A group of Arizona taxpayers objected to this system of tax credits on the basis of the Establishment Clause of the First Amendment, which provides for separation between church and state. The taxpayers contended that much of the tax credits would be for contributions to religious schools. The Supreme Court upheld the program. This photo shows an organization taxpayers could donate to in order to receive the tax credit. (Photo courtesy of East Valley Tribune in Tempe, Arizona)
In Arizona Christian School Tuition Organization v. Winn, 563 U.S. 125 (2011), a sharply divided (5-4) U.S. Supreme Court ruled that state residents did not have standing as taxpayers to challenge a program that provided tax credits for contributions to school-tuition organizations.
Taxpayers argued tax credit system violated the First Amendment
A group of Arizona taxpayers objected to this system of tax credits on the basis of the Establishment Clause, which provides for separation between church and state. The taxpayers contended that much of the tax credits would be for contributions to religious schools.
Court said taxpayers did not have standing to challenge system
Writing for the majority, Justice Anthony Kennedy reiterated the general rule from Massachusetts v. Mellon (1923), which provided that one’s status as a taxpayer generally did not grant one standing to challenge a law.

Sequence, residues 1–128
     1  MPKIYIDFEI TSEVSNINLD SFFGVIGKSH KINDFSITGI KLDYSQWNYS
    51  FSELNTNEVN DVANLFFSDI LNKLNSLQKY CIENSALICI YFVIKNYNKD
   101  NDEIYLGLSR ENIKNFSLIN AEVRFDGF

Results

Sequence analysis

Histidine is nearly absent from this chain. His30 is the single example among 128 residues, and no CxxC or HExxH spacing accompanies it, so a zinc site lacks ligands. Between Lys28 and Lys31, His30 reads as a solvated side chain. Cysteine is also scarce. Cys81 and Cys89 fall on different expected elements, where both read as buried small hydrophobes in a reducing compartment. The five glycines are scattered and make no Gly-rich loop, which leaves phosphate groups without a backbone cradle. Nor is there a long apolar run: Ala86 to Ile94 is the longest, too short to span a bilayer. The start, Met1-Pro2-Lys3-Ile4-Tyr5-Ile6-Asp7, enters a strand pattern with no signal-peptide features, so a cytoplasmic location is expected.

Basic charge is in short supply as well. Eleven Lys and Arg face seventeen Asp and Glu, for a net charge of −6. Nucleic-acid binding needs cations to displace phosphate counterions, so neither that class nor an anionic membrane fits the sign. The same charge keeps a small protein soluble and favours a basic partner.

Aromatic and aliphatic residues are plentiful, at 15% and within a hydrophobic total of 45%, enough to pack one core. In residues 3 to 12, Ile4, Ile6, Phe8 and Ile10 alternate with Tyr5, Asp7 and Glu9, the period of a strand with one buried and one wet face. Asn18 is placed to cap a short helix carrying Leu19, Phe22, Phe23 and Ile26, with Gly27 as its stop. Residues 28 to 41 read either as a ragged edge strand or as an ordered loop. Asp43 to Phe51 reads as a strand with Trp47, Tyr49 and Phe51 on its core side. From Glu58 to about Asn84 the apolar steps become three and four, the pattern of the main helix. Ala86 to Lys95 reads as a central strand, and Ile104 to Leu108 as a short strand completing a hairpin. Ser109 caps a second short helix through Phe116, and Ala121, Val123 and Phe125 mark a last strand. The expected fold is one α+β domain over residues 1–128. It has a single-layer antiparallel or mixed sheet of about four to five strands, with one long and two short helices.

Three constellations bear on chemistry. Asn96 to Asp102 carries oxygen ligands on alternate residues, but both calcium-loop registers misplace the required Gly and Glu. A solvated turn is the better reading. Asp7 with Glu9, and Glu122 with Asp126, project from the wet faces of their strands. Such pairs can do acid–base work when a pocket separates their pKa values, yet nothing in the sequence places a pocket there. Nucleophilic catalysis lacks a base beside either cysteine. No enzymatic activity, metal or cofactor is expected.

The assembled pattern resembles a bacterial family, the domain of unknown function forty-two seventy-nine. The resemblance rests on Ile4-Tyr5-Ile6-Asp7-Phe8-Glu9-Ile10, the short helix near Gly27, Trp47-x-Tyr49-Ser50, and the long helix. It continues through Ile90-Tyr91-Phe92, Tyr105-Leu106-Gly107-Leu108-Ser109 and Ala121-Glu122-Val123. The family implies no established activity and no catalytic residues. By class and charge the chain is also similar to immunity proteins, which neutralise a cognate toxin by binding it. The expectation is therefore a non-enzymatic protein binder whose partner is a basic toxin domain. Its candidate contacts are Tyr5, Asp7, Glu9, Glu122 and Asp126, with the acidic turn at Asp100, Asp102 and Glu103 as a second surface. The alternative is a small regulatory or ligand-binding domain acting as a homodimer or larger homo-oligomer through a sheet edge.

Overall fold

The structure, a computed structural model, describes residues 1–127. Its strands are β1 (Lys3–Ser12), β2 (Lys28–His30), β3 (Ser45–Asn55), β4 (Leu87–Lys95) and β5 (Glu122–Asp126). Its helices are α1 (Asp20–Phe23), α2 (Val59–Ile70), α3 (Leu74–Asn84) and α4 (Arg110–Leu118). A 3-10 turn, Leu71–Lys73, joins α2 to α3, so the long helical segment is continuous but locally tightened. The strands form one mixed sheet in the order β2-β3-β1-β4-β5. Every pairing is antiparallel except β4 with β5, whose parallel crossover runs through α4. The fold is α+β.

However, the challengers invoked the Court’s decision in Flast v. Cohen (1968), where the Court did find that taxpayers had standing to challenge a government spending program as violative of the Establishment Clause.
But Kennedy distinguished Flast as a case involving government spending, rather than a tax-credit program. “The distinction between governmental expenditures and tax credits refutes respondents' assertion of standing,” wrote Kennedy. “When Arizona taxpayers choose to contribute to STOs, they spend their own money, not money the State has collected from respondents or from other taxpayers.”
Dissenters said cash grants, tax breaks both provide targeted support
Justice Elena Kagan authored the opinion for the Court’s four dissenters. She disagreed with the majority that Flast was distinguishable. “This novel distinction in standing law between appropriations and tax expenditures has as little basis in principle as it has in our precedent,” she wrote. “Cash grants and targeted tax breaks are means of accomplishing the same government objective — to provide financial support to select individuals or organizations.”
Many legal commentators agreed with Kagan.
For example, two scholars wrote: “The Court's distinction between the spending program in Flast and the tax credit in Winn is also not credible. There is no principled difference between the injuries a taxpayer incurs when she is required to subsidize religious schools and those she sustains when she is forced to subsidize the credits given to others to support religious schools.” (Marshall and Nichol, 252). However, Professor Nicole Garnett termed the decision a victory for “educational pluralism.” (Garnett, 31).
David L. Hudson, Jr. is a law professor at Belmont who publishes widely on First Amendment topics. He is the author of a 12-lecture audio course on the First Amendment entitled Freedom of Speech: Understanding the First Amendment (Now You Know Media, 2018). He also is the author of many First Amendment books, including The First Amendment: Freedom of Speech (Thomson Reuters, 2012) and Freedom of Speech: Documents Decoded (ABC-CLIO, 2017). This article was originally published in 2009.Send Feedback on this article